This article saved my bacon. I was teetering on the edge of epic stupidity. The family, after taking my car for a night (so I could borrow their truck in exchange!), brought it back convinced it was a death-trap and that I needed to replace it immediately, preferably with something brand-new and shiney. Many long discussions started making me doubt my slowly-building badassity. It’s just a few hundred bucks a month. Totally affordable. Way more comfortable. Better value in the long run. (HA!) Ehhh….oooh, look how shiney and new and…oh hey, new MMM article about cars. Read read read. Oh! Right. Durrrrrh.

    Checklist: Does it still run? Yes. Is it likely to need more work than it would cost to replace with a comparable used beast in the next few months, in the WCS that it outright dies? Highly unlikely. Does it see a lot of use? Not really. (Barely 15k mi in 2 years). Problems that got them concerned? Wobbly brakes (easy fix I can do myself) and it pops itself out of fourth gear if you don’t hold it in. Boo hoo.

    Winner: Current beater car. And since I apparently have $300 extra in the budget every month, time to find someplace to invest it instead. Real winner: Me.

    Reply
    • Matt September 11, 2012, 2:40 am

      Hi, I had a similar problem with my previous car. Changed the gearbox oil using dealer recommended stuff and it was fine after that. It’s a cheap fix if it works…

      Reply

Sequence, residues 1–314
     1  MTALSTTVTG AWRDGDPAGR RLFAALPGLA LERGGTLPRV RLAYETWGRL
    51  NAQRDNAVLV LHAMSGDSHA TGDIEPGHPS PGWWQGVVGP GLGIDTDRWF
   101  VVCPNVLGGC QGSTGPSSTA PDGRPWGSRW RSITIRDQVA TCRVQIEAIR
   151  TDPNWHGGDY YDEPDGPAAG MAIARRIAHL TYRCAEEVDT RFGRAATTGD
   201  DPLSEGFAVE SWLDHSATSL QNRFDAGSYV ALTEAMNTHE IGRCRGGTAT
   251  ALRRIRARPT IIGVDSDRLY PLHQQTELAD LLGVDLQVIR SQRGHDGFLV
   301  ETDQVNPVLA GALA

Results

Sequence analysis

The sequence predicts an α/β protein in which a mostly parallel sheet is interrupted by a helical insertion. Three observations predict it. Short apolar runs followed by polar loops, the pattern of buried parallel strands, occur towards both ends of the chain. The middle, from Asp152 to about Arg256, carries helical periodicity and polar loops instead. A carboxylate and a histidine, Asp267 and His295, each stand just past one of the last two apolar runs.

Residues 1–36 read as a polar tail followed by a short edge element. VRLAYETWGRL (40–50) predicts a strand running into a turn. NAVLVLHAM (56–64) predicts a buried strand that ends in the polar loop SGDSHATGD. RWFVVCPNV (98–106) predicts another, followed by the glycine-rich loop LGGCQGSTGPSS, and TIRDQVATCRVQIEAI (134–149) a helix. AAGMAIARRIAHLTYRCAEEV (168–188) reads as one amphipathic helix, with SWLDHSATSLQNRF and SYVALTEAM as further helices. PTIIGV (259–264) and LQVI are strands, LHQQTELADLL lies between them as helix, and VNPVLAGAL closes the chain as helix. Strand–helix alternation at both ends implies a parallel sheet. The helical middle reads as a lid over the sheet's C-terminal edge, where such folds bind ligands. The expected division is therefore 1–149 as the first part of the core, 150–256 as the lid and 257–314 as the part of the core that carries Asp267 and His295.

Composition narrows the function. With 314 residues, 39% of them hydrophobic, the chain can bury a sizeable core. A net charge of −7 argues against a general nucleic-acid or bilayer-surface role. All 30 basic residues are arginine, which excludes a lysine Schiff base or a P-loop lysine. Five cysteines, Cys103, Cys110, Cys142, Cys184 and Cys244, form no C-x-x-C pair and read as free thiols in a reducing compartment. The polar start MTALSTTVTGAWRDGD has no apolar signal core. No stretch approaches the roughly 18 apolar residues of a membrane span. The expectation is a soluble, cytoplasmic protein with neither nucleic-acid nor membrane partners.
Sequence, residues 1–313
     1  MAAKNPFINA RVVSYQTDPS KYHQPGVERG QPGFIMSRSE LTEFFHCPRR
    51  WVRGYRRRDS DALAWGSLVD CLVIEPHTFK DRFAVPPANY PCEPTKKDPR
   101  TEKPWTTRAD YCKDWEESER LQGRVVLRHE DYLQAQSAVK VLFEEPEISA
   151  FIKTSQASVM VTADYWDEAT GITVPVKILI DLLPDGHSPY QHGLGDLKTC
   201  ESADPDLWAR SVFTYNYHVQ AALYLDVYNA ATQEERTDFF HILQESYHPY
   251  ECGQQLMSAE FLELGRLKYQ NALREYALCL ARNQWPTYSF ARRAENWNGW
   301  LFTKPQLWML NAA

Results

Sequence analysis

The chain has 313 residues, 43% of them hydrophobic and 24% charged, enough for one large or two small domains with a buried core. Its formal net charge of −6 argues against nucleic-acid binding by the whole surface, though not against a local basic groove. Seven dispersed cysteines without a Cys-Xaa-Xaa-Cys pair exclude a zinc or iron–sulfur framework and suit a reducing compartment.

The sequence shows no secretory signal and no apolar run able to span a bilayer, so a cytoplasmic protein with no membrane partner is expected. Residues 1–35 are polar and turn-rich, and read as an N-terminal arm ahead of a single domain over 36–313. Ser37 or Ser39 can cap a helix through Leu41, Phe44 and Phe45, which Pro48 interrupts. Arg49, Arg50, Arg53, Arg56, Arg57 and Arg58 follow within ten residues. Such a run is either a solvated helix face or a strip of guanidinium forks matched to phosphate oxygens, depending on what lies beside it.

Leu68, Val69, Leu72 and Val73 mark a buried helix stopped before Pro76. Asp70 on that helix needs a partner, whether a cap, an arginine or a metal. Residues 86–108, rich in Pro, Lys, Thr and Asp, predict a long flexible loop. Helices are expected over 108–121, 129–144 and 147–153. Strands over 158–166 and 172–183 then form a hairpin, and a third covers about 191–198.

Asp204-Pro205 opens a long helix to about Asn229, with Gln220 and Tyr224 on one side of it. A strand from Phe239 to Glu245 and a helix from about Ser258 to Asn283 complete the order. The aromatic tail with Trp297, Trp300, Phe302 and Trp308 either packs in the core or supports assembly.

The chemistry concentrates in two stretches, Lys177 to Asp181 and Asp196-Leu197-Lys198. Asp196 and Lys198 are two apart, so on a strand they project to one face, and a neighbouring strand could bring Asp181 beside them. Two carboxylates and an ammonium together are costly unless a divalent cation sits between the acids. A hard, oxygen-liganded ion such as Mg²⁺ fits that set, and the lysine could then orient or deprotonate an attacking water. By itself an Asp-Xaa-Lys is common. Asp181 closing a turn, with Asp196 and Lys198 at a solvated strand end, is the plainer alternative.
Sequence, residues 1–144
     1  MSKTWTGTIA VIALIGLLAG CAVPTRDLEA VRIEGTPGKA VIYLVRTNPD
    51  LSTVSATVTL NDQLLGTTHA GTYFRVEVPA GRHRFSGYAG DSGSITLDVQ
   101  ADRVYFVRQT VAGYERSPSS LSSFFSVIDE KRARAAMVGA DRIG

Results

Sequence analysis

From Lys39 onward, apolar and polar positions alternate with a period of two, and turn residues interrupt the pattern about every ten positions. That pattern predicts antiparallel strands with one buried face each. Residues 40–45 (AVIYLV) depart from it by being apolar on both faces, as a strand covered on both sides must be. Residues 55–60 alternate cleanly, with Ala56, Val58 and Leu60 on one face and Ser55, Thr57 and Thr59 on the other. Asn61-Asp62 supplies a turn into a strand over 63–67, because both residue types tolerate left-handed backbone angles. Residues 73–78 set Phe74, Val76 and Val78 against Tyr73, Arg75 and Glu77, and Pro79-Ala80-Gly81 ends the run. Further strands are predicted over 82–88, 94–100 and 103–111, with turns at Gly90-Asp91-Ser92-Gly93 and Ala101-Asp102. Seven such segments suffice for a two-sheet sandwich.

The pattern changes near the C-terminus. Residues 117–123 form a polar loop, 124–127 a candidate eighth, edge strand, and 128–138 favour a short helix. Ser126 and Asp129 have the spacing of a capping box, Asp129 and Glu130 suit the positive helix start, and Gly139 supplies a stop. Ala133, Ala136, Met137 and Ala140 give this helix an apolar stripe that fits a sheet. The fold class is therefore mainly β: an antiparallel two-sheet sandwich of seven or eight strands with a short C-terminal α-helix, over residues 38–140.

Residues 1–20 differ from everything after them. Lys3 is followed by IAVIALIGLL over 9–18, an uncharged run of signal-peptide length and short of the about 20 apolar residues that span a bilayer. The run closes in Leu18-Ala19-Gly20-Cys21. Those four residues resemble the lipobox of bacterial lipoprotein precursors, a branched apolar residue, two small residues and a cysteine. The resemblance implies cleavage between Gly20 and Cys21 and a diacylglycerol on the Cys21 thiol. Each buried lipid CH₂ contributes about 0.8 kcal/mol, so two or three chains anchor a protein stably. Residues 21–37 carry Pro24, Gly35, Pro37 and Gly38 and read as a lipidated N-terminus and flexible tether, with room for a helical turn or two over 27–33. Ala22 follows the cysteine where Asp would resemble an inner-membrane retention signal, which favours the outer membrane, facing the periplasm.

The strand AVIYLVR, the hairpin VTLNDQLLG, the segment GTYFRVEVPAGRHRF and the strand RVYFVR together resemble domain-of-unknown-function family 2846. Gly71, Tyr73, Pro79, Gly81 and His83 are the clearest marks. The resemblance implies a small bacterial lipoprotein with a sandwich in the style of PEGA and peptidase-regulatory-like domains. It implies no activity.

• Matt G September 4, 2012, 8:34 am

    So, I have a 2004 A4 3.0 Quattro that I bought 3 years ago, before I started my path to FI. It’s in great shape, I take care of it, and do most of the repairs myself. I’ve been trying to sell it for 3+ weeks on craigslist, cars.com and the local want ad. I’ve had 1 real person that was interested in it. I started at $9300, and dropped the price to 8300 about 5 days ago. Has anyone tried selling a car at this price point, is there anything else I can be doing to speed up the process. according to KBB its worth 8300 average, I’m planning on dropping the price some more. Should I just stick to the price and hold on, or should I drop it low and get rid of it faster. I drive about 16k miles/year and I’m planning on getting a 2008-9 Prius.

    Reply
    • Mr. Money Mustache September 4, 2012, 9:34 am

      Good luck Matt! On Edmunds.com, I get about $7,000 for that car, depending on mileage and options. http://www.edmunds.com/audi/a4/2004/tmv-appraise-results.html

      Kelley Blue Book seems to overestimate many cars – maybe it’s a tool of the used car dealers, trying to get more for their cars?

      Also, as I noted in an earlier comment, it’s worth being patient with Craigslist, and giving things up to 3 months to sell (while updating your ad weekly). My own vehicles on Craigs have typically sold within a few weeks, but it is great to be mentally prepared for a longer battle.

      Reply
      • Mr. Everyday Dollar September 4, 2012, 10:34 am

        I too can vouch for TMV and always found KBB to be unrealistic. The last time I sold a car on Craigslist it was pretty annoying. The car I was selling was at a price point – around $4,000 – that attracted both a lot of interest and a lot of flakes.

        I would get emails from people saying they would be over later that day with the cash in hand and they’d never show up.

        I eventually just parked it outside and when people wanted to see it I told them the address to come check it out rather than coordinate with a potential no-show. If they wanted to test drive it after seeing it they could set up a time with me.

        Eventually, a guy looked at it, took it for a test drive and paid me with a fat wad of cash. It was a long process – the bonus was that I got some pretty hilarious emails – but I got the amount of money I wanted for the car because I was willing to wait it out and not sell it to a dealer for $2,000.

        Reply
      • Matt G September 4, 2012, 5:24 pm